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I came up with this in an exam but I can't solve it. I don't know about eigenvectors yet, so can someone solve this without them?

Let $f$ be an endomorphism in $\mathbb{R}^6$, such that $f^2 = -Id_{6}$. Is it true that $ dim(\ker(f)) = 0$?

Thanks in advance.

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    $\begingroup$ $f(x)=0$ implies $f^{2}(x)=0$. $\endgroup$ Jan 4 at 12:12
  • $\begingroup$ Why would the kernel of a linear map be empty? :( $\endgroup$
    – AlvinL
    Jan 4 at 12:13
  • $\begingroup$ @KaviRamaMurthy nowhere is stated that $f(x) = 0$. $\endgroup$
    – agus
    Jan 4 at 12:18
  • $\begingroup$ @AlvinL that's why I added the clarification. In my university they teach that if the only vector in the Kernel is zero, then we can say the Kernel is empty. To avoid this kind of doubt I edited the question. $\endgroup$
    – agus
    Jan 4 at 12:18
  • $\begingroup$ $x \in Ker (f)$ implies $f(x)=0$, by definition. $\endgroup$ Jan 4 at 12:21

1 Answer 1

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First of all notice that $\text{Ker}f$ can't be the empty set beacuse always $0\in\text{Ker}f$, so you should write $\text{Ker}f=\{0\}$.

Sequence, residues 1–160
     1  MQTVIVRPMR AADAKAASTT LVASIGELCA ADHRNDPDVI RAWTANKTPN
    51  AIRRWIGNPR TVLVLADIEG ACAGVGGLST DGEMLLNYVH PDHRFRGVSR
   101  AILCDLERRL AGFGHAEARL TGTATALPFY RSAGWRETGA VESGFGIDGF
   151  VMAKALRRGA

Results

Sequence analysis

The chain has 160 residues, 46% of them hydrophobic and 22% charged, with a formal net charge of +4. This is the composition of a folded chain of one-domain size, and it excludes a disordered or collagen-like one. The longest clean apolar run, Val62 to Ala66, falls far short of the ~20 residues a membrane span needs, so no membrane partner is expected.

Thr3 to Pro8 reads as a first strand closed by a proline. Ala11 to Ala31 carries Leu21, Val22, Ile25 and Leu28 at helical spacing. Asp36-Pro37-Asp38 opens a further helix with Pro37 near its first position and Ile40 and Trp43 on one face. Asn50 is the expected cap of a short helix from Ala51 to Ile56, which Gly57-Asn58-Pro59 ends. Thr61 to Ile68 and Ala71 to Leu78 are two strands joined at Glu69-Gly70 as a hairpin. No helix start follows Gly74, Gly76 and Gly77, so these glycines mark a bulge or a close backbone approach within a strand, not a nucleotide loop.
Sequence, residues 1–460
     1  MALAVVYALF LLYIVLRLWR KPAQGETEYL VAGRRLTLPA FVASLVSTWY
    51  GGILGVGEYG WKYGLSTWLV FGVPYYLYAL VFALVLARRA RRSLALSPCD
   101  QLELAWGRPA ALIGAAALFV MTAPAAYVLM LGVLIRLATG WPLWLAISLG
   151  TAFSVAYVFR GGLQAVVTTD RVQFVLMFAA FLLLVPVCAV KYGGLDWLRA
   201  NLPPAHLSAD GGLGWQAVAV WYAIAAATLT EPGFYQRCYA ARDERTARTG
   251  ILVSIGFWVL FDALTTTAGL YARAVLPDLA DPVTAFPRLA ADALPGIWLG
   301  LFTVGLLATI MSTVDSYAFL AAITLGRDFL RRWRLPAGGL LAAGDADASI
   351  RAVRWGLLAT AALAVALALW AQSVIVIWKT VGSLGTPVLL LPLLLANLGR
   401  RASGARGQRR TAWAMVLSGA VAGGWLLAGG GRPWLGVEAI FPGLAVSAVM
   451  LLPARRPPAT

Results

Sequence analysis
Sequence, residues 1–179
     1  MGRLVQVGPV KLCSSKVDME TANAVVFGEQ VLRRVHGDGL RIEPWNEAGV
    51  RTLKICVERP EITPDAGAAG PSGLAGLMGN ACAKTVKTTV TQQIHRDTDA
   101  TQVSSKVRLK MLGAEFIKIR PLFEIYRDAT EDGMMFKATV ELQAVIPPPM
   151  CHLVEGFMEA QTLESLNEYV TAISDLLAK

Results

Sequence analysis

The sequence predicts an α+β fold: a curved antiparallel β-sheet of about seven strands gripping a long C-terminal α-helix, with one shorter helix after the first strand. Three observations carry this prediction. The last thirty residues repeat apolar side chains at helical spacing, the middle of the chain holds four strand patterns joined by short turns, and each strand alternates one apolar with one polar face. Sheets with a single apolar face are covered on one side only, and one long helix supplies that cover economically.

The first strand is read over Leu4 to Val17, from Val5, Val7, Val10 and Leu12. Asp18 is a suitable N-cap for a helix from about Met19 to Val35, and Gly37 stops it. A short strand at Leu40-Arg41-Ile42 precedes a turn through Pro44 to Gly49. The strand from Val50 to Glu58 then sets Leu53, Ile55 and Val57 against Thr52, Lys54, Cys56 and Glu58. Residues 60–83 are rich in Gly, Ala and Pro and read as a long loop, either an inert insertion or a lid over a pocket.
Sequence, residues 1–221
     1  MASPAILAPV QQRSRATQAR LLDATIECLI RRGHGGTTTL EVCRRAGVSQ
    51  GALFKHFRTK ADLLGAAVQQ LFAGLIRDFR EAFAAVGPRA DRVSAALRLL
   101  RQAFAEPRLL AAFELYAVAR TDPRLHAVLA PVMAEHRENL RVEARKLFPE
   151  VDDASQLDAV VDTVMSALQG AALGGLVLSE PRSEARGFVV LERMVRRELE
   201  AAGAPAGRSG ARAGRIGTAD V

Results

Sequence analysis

Verify that $\{0\}\subset\text{Ker}f\subset\text{Ker}f^2$, because if $x\in\text{Ker}f$, then $f^2(x)=f(f(x))=f(0)=0$ and so $x\in\text{Ker}f^2$.

But if $f^2=-I$ then $\text{Ker}f^2=\{0\}$. This implies $\text{Ker}f=\{0\}$.

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  • $\begingroup$ Thank you Davide. Your last 2 lines solved the question. Sorry about the Kernel-empty set thing; they teach me that if the only vector in the Kernel is zero, then we can say the Kernel is empty. To avoid this kind of doubt I edited the question. $\endgroup$
    – agus
    Jan 4 at 12:20

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